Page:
Registering your first business: Everything you need to know
Setting up a new business can seem daunting, but it doesn’t have to be. This handy guide will walk you through everything you need to know to register your business with the minimum of fuss.
Registering your business
The first thing you need to do is decide on the legal structure of your business. You can choose to be a sole trader, limited company or partnership, for example.
A sole trader runs their own business and is self-employed. You should register as a sole trader if you’re the only person who owns your business.
A sole trader is responsible for any profits and any losses in the business. You’ll have unlimited liability, which means you’re personally responsible for any debt your business accrues. If your business cannot afford to pay back its debts then you will be personally at risk!
You must register with HMRC as a sole trader within three months of trading and if you have earned over £1,000 in sales from self-employment. You can register online and once registered you will be sent out a Unique Tax Reference (UTR) by post – you must keep this safe!
Once registered as a sole trader, you must also file a tax return every year. This can be done through Self Assessment or you could use an accountant.
To register as a sole trader:
- Choose the name you want to trade under (you can trademark this so others can’t trade under the same name).
- Check how to keep your financial records including sales, expenses and bank statements.
- Register with HMRC for tax and for Self Assessment.
Private Limited Companies
Limited companies are ‘limited by shares’. With a limited company you have corporate responsibilities and are governed by the companies act. You will become a director and/or shareholder, however, the company is its own legal entity.
Prior to registering your business as a limited company, you must:
- Establish your company name.
- Select company directors and, if needed, a company secretary.
- Have at least one shareholder who can also be a director and choose who has control over your business.
- Prepare a ‘memorandum of association’ and ‘articles of association’.
- Be prepared to keep company and accounting records.
You must also register for Corporation Tax with HMRC. We recommend you seek advice from an accountant who will prepare and submit financial records on behalf of the company.
In layman’s terms, a partnership is a way for two or more people to run a business together. So, if you’re in a partnership, the responsibilities, including profits or losses that come along with running the business are shared between the partners. Partners share the business’ profits, and individual partners pay tax on their own share.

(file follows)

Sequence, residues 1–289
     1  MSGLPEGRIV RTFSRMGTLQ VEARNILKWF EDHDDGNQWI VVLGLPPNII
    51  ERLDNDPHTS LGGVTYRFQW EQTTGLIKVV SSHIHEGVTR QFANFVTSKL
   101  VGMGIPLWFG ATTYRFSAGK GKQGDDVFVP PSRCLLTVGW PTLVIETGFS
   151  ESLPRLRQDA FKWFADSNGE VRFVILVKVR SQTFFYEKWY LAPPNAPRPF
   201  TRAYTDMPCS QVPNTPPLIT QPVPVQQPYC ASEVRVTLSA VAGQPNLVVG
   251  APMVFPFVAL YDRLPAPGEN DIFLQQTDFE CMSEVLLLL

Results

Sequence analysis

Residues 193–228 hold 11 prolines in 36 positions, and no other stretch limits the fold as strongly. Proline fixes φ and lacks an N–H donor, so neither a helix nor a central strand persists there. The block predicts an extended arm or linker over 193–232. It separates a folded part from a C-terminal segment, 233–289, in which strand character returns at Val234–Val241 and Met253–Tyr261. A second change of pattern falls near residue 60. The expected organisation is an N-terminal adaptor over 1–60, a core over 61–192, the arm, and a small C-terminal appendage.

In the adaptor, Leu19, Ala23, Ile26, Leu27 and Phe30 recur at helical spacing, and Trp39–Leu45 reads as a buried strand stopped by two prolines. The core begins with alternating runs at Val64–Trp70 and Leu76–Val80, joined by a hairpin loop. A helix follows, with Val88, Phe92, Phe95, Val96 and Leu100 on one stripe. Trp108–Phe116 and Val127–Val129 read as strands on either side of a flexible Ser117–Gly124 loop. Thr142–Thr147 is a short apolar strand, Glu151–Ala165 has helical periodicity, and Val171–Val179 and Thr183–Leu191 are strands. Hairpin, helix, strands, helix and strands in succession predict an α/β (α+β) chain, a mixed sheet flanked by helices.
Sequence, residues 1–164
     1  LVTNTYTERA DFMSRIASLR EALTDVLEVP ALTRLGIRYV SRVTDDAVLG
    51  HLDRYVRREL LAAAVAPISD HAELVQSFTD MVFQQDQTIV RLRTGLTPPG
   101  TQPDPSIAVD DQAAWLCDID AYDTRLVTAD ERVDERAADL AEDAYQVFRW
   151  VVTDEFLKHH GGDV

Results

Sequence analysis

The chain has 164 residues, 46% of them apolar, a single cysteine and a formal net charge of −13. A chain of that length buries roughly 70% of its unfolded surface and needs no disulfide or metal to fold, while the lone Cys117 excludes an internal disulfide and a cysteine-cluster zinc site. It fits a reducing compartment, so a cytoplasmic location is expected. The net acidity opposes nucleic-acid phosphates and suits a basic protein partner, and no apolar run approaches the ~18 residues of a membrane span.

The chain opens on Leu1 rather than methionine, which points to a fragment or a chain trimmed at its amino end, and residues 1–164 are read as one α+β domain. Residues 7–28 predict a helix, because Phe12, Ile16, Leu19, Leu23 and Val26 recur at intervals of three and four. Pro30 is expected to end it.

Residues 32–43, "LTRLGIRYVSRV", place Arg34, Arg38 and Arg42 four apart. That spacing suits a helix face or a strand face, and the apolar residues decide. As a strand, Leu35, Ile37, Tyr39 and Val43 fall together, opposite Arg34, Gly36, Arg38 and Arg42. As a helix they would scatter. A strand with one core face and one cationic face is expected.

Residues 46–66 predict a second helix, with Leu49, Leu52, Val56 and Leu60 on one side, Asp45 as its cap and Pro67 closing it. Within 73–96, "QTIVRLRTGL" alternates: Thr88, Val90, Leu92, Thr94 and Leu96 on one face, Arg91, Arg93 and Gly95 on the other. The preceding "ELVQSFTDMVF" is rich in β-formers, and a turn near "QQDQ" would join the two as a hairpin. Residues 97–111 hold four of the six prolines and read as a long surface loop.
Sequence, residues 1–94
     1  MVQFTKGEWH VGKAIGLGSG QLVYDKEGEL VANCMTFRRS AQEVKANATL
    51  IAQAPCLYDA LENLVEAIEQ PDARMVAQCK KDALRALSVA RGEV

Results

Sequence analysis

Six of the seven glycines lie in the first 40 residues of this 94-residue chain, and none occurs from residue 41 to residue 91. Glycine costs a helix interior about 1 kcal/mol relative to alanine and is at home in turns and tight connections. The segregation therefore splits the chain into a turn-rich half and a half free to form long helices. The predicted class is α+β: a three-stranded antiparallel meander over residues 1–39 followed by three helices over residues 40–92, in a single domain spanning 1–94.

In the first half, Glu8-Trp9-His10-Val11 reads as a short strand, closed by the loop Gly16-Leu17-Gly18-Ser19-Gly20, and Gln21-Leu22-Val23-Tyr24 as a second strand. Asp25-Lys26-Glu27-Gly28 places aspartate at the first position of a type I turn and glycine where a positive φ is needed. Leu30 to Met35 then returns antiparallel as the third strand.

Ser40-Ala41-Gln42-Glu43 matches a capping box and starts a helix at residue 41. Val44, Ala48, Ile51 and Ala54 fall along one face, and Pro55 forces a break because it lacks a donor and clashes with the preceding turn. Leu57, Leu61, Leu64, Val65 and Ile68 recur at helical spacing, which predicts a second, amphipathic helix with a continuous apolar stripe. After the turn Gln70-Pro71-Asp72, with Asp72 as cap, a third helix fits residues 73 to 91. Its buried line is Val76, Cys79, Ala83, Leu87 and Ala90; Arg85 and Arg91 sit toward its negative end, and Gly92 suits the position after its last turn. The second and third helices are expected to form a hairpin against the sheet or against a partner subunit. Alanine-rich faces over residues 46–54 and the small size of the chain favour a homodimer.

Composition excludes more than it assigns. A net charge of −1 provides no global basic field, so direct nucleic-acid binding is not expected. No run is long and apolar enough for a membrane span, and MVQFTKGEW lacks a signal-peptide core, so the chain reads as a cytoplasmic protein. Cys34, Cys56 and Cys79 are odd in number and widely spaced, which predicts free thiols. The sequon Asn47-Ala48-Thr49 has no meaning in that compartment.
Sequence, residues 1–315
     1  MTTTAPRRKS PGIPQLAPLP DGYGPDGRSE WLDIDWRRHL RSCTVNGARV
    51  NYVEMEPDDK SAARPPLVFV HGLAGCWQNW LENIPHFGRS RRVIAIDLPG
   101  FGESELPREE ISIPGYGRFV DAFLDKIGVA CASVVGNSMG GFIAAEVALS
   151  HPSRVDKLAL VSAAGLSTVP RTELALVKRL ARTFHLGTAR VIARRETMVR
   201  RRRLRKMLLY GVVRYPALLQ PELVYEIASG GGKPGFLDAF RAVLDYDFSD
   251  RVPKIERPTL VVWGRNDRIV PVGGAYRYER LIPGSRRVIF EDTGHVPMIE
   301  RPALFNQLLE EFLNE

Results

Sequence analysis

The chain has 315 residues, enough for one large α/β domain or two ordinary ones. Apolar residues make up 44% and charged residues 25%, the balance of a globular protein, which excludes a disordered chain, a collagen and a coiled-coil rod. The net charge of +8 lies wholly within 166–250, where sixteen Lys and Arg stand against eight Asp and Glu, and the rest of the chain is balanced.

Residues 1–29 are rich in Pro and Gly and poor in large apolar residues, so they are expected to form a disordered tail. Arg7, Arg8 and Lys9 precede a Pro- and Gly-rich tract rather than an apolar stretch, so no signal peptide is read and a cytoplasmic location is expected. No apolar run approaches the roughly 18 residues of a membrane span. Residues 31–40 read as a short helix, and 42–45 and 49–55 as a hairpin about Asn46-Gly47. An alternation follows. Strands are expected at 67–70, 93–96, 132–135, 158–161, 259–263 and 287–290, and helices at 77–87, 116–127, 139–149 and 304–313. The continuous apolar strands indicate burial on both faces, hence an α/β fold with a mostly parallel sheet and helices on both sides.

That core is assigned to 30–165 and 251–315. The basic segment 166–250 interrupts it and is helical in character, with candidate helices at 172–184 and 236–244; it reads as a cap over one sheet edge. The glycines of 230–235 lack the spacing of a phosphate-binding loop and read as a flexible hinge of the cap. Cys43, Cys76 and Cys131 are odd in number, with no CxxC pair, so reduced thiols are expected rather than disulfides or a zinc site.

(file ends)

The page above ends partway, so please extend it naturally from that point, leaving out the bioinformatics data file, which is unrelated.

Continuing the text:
If considering a partnership we would recommend a partnership agreement from the outset.
To set up a partnership, you need to choose a name for your business, have a ‘nominated partner’ (responsible for managing the partnership’s tax returns and keeping records), and must register with HMRC.
Once you have chosen your business partnership name you might consider registering it as a trademark to prevent others from using it.
Registering your business
Whether you’re setting up as a Sole Trader, Limited Company, or a Partnership, there’s a few things you need to keep in mind if you’ll be running your business from home.
If you run your business from home:
- You need to ensure you have permission from your mortgage provider or landlord to run a business from your home address.
- You may want to consider business insurance, as your home insurance may not cover your business equipment and assets.
- You can include business costs and overheads in your Self Assessment tax return (as a sole trader or as part of a partnership).
- You will need to be responsible for health and safety.
When you first set up a business, you need to make sure you register it correctly. Follow the steps we’ve outlined in this guide (and seek professional advice) and you’re sure to get up and running with the minimum of fuss.
If you’d like help growing your new business and you’re based in County Durham, make sure to apply to be part of the next DCI cohort.